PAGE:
Yankees' Jeter says 2014 season will be his last
By Larry Fine
NEW YORK (Reuters) - New York Yankees shortstop Derek Jeter said on Wednesday he would retire from Major League Baseball at the end of the 2014 season, a decision the 19-year veteran said he made after being hobbled by injuries last year.
In a post on his Facebook page, Jeter, 39, widely considered one of baseball's greatest shortstops, said he made the decision following a tough 2013 season when he struggled to recover from a broken ankle and other injuries.
"Last year was a tough one for me. As I suffered through a bunch of injuries, I realized that some of the things that always came easily to me and were always fun had started to become a struggle. The one thing I always said to myself was that when baseball started to feel more like a job, it would be time to move forward.
"So really it was months ago when I realized that this season would likely be my last. As I came to this conclusion and shared it with my friends and family, they all told me to hold off saying anything until I was absolutely 100 percent sure.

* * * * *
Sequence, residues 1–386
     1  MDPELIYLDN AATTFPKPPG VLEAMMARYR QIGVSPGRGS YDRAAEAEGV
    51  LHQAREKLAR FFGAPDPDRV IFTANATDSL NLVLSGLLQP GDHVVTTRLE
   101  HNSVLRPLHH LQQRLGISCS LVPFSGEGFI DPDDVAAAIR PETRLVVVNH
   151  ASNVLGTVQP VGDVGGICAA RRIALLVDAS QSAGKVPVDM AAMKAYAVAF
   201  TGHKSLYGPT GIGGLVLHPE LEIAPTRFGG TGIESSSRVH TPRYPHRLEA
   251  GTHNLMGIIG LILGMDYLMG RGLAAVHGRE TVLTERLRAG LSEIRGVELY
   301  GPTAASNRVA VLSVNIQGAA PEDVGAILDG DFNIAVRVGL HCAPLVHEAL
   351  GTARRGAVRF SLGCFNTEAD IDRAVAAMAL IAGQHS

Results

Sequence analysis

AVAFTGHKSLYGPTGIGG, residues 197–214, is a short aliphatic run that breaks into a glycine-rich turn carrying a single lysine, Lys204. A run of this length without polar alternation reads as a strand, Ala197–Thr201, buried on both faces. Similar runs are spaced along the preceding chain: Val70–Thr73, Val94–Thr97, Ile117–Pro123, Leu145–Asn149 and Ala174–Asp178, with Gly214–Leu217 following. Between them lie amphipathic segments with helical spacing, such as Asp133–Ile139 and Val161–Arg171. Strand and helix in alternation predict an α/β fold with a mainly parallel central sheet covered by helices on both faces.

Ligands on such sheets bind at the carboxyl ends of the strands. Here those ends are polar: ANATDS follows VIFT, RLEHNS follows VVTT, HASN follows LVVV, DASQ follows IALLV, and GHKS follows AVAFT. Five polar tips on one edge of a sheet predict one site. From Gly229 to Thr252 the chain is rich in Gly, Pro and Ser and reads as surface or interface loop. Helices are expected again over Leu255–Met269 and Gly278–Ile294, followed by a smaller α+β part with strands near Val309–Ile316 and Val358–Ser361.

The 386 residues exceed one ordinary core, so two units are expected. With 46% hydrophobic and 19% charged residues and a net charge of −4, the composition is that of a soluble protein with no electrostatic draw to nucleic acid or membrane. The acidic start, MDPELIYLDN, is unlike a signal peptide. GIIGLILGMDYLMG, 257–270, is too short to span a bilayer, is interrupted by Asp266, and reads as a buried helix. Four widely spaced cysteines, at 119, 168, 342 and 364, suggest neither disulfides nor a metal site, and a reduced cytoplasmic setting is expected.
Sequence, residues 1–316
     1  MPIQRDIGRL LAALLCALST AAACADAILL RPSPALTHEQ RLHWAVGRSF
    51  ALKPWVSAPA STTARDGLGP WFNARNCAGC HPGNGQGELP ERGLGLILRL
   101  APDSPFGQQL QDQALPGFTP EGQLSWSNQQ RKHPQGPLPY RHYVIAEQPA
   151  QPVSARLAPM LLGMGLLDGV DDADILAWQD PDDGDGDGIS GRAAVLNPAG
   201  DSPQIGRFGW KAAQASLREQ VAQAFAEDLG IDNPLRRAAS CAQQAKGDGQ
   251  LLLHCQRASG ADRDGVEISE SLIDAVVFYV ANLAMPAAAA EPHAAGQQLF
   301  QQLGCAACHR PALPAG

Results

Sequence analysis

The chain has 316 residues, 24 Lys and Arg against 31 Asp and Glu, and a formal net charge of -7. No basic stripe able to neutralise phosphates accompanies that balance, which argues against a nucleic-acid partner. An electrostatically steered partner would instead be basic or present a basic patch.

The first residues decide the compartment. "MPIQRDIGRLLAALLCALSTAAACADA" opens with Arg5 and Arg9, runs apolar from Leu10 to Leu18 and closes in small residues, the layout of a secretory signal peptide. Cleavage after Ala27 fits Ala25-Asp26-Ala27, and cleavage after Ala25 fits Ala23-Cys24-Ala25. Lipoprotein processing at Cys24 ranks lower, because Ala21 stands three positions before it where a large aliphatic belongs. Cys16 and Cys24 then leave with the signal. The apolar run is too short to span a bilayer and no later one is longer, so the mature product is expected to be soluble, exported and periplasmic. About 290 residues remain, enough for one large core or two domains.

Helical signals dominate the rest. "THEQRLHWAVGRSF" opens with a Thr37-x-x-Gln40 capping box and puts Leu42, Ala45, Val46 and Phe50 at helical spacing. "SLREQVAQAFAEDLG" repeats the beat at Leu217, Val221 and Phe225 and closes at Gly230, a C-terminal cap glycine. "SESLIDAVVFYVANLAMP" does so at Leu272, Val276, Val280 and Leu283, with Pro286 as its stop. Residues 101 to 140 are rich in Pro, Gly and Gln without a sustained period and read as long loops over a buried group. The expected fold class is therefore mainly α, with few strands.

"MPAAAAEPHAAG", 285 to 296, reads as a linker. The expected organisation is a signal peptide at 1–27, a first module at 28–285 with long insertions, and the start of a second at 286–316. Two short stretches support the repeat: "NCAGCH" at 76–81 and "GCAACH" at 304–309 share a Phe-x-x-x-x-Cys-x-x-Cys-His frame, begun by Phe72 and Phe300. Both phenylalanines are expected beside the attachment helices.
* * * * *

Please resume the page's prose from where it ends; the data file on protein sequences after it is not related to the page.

"And the thing is, I could not be more sure. I know it in my heart. The 2014 season will be my last year playing professional baseball."
Jeter, a winner of five World Series rings and a 13-time All-Star who stands 10th on MLB's all-time hits list with 3,316, played only 17 games in 2013 as the Yankees missed the playoffs for only the second time in Jeter's 19 years with the club.
The shortstop was a late-season call-up for the Yankees in 1995 before claiming the job for his own in 1996 and winning American League Rookie of the Year honors. He helped the Yankees win the 1996 World Series, their first championship in 18 years.
That began a glorious run for the Bronx Bombers, who also won three Fall Classic crowns in a row from 1998 under manager Joe Torre. Continued...